If you know your material really well, make eye contact with your audience, speak as if in conversation, breathe before and during your delivery, and believe in yourself, then your nervousness is the charm. Trying to eliminate it, stop it, or end that wonderful rush of adrenaline is not the answer. Learning to control it – and put it to good use – is.

The problem with nervousness or fear is that we often become consumed by it. And that consumption affects every aspect of the job that lies ahead. Whether it is the creation of your script or your hesitant approach to the lectern or the actual the delivery of your material, if your nervousness is in control, you are not. It is then that your outcome is questionable.

Yes, nervousness is man’s greatest fear but if you allow it to have the upper hand, then you will find it affecting other aspects of your life as well. Once it is in control, your mind and body will become captive to its negativity. Being captive to nervousness means a dramatic increase in your level of stress. You may find that you are not sleeping well; your digestive system may suffer; and, it can even make you sick by weakening your immune system.

Instead of being imprisoned by your fear, I suggest you take control of it and actually allow it to work for you. Your fear is unfounded if you:

1. know your material;
2. practice it out loud so that you are competent in your delivery; and,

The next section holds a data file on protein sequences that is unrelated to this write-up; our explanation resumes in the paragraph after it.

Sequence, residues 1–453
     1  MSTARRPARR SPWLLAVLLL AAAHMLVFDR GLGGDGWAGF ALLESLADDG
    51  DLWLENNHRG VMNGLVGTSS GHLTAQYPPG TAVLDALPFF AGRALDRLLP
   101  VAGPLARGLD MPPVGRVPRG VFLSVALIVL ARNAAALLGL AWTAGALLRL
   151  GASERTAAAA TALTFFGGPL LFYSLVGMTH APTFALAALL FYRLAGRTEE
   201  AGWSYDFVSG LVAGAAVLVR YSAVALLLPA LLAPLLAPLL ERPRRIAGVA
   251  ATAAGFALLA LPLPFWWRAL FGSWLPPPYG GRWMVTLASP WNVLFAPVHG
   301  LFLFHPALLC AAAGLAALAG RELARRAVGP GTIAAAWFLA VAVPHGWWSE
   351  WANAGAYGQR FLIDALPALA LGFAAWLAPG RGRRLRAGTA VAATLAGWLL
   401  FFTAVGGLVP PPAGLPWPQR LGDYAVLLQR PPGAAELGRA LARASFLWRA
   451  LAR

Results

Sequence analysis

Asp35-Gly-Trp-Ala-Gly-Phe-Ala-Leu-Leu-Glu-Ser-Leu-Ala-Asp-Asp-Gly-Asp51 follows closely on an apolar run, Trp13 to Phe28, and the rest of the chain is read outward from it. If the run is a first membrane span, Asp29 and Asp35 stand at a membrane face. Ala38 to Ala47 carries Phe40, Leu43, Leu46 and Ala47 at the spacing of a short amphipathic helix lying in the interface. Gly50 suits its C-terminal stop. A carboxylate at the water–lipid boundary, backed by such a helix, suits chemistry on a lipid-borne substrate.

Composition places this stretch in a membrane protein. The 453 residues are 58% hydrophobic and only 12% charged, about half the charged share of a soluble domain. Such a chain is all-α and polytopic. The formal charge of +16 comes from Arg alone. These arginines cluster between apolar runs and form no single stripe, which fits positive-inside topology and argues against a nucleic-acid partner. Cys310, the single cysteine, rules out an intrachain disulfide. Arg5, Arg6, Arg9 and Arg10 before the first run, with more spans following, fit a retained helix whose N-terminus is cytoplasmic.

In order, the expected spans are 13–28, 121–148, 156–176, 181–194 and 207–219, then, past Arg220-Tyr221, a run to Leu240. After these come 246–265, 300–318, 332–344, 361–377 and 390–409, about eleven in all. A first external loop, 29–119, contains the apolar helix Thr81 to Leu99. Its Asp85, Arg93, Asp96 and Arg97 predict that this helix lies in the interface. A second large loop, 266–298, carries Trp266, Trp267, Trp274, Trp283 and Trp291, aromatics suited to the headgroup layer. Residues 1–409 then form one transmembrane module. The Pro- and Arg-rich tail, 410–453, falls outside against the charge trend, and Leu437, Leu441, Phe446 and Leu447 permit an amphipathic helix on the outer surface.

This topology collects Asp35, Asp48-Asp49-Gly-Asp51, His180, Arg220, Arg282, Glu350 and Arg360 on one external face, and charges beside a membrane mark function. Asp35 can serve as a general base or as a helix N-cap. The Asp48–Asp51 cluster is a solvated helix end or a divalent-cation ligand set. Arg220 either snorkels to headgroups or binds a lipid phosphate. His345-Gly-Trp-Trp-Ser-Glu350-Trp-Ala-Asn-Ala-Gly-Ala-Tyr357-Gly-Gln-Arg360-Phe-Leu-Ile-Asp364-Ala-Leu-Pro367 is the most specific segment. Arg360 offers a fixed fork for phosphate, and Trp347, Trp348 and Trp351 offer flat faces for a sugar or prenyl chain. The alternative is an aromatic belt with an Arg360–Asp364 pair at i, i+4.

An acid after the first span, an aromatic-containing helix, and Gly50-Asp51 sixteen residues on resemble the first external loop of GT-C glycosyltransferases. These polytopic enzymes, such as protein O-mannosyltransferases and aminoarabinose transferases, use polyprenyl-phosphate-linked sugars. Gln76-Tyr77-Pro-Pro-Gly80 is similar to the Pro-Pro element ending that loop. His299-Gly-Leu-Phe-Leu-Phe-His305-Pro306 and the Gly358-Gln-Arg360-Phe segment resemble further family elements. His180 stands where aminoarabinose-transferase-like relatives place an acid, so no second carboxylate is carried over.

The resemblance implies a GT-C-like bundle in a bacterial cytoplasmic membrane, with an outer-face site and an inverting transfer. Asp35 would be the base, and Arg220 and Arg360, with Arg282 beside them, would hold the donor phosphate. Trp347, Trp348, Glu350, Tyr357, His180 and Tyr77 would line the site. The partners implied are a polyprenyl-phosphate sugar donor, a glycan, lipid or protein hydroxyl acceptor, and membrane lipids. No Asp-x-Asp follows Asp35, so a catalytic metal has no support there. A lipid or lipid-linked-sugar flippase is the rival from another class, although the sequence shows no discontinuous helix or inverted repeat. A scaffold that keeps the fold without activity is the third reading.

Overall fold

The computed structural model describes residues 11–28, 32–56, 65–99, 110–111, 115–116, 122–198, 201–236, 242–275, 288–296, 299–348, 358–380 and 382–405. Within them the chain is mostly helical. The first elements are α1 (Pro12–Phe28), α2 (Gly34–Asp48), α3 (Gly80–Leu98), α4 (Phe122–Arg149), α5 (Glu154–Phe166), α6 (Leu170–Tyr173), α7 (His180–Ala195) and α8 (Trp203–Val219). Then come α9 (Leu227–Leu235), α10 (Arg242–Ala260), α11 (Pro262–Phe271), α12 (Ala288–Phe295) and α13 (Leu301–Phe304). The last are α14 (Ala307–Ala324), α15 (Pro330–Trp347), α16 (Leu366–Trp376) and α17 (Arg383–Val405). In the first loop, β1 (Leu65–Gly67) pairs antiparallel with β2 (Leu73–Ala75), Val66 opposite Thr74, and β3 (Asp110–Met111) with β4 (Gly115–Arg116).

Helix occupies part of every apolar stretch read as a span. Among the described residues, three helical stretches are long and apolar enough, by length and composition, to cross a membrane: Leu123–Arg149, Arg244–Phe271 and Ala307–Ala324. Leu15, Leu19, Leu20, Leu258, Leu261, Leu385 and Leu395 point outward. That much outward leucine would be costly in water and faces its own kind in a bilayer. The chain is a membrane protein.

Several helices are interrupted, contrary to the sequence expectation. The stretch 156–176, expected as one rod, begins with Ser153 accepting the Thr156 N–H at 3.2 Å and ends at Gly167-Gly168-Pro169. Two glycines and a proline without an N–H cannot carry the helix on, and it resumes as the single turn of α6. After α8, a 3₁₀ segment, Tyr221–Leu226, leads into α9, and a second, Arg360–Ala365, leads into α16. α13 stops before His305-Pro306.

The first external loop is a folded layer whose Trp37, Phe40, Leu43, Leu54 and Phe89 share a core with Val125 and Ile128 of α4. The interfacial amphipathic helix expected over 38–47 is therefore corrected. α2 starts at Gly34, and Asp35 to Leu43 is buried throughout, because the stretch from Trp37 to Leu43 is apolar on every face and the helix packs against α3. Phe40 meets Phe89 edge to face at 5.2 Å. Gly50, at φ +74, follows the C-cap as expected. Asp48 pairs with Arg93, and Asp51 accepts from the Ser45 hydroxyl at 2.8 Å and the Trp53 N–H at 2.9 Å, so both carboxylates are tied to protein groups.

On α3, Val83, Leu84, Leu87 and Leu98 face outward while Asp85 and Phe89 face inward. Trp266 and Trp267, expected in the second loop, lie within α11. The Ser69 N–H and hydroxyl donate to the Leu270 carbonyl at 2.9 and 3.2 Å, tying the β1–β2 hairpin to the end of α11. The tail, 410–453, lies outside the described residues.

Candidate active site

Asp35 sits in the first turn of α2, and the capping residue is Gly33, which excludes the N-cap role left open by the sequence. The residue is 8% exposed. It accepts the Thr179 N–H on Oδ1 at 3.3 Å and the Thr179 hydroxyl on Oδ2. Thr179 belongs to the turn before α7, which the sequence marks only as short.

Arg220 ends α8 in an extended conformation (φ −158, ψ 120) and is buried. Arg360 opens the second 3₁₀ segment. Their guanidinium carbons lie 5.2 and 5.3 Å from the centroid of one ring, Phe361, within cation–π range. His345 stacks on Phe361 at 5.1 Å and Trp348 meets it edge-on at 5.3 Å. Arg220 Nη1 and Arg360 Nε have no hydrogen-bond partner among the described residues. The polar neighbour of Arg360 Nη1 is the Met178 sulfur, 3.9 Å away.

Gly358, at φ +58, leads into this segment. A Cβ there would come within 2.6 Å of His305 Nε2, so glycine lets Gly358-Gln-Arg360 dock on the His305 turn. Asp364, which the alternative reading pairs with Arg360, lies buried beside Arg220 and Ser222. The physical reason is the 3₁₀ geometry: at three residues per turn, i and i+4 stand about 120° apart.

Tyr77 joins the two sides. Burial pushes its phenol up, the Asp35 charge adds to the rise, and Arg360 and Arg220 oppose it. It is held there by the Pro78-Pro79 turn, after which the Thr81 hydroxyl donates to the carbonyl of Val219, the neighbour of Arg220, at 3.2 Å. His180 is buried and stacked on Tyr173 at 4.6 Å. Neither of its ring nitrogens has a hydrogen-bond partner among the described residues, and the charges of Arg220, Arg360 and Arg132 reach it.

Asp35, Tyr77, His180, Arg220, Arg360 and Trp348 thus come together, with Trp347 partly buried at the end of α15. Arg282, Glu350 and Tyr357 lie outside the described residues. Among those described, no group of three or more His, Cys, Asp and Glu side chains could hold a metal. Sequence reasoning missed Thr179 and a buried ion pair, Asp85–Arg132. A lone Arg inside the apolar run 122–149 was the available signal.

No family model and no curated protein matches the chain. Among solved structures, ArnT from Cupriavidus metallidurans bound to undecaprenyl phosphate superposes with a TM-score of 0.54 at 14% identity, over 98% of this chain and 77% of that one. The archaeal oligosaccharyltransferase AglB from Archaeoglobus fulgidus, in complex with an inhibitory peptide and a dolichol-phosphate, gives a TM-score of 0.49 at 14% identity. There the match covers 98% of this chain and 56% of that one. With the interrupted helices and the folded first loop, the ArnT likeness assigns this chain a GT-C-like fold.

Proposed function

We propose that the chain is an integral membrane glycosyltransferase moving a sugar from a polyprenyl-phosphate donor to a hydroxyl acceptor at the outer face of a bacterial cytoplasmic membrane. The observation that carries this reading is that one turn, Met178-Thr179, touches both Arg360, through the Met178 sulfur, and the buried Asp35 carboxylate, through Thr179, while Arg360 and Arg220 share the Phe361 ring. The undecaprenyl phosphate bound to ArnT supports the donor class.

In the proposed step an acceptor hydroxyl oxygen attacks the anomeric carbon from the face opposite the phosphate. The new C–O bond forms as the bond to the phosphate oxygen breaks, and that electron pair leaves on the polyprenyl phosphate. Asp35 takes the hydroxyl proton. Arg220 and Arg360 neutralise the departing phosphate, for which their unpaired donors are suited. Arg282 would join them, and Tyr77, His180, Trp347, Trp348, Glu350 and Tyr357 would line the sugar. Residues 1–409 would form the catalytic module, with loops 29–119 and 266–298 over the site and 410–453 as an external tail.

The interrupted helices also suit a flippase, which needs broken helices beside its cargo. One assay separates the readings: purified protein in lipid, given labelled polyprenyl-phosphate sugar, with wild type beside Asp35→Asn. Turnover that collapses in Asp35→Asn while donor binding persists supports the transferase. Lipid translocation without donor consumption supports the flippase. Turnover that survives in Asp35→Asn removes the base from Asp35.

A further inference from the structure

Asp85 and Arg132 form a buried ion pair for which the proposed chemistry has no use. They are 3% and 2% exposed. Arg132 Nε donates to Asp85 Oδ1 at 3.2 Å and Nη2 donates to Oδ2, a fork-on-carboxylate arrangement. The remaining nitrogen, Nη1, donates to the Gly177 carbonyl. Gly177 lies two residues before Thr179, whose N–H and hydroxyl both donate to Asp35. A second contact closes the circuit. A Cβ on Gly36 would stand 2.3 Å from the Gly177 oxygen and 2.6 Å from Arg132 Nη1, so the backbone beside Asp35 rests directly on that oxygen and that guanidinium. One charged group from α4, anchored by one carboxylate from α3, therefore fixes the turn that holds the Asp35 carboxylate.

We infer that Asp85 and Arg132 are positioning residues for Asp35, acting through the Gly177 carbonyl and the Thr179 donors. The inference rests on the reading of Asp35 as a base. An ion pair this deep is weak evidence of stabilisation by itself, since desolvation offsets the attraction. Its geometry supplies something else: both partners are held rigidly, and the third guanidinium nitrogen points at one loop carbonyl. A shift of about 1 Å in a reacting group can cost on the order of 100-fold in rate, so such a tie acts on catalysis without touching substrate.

3. breathe.

This is what all performers and professional athletes do in advance. Then when that hormone is produced in a physically exhilarating situation, their heart rate is stimulated and their blood vessels and air passages dilate. The body is then able to pass more blood to the muscles and they get more oxygen into their lungs. This, in turn, increases physical performance, be it acting on a stage, playing a musical instrument, hitting the puck in a hockey arena or addressing an audience with a speech or presentation.

If you are able to meet those 3 conditions, you will be able to face you audience with that wonderful rush of adrenaline and allow it to work for you. You will be more alert, more perceptive, more astute, and more engaging. And, that is when nervousness is the charm.

Don’t try to eliminate your fear or those nervous jitters. Put them to good use and believe in yourself. If you are prepared and well-rehearsed, your nervousness will be the charm.

Author's Bio: 

The Voice Lady Nancy Daniels offers private, group and corporate training in voice and presentation skills as well as Voicing It!, the only video training program on voice improvement. Visit her website at Voice Dynamic and watch as Nancy describes the best means of controlling nervousness in any form of public speaking.

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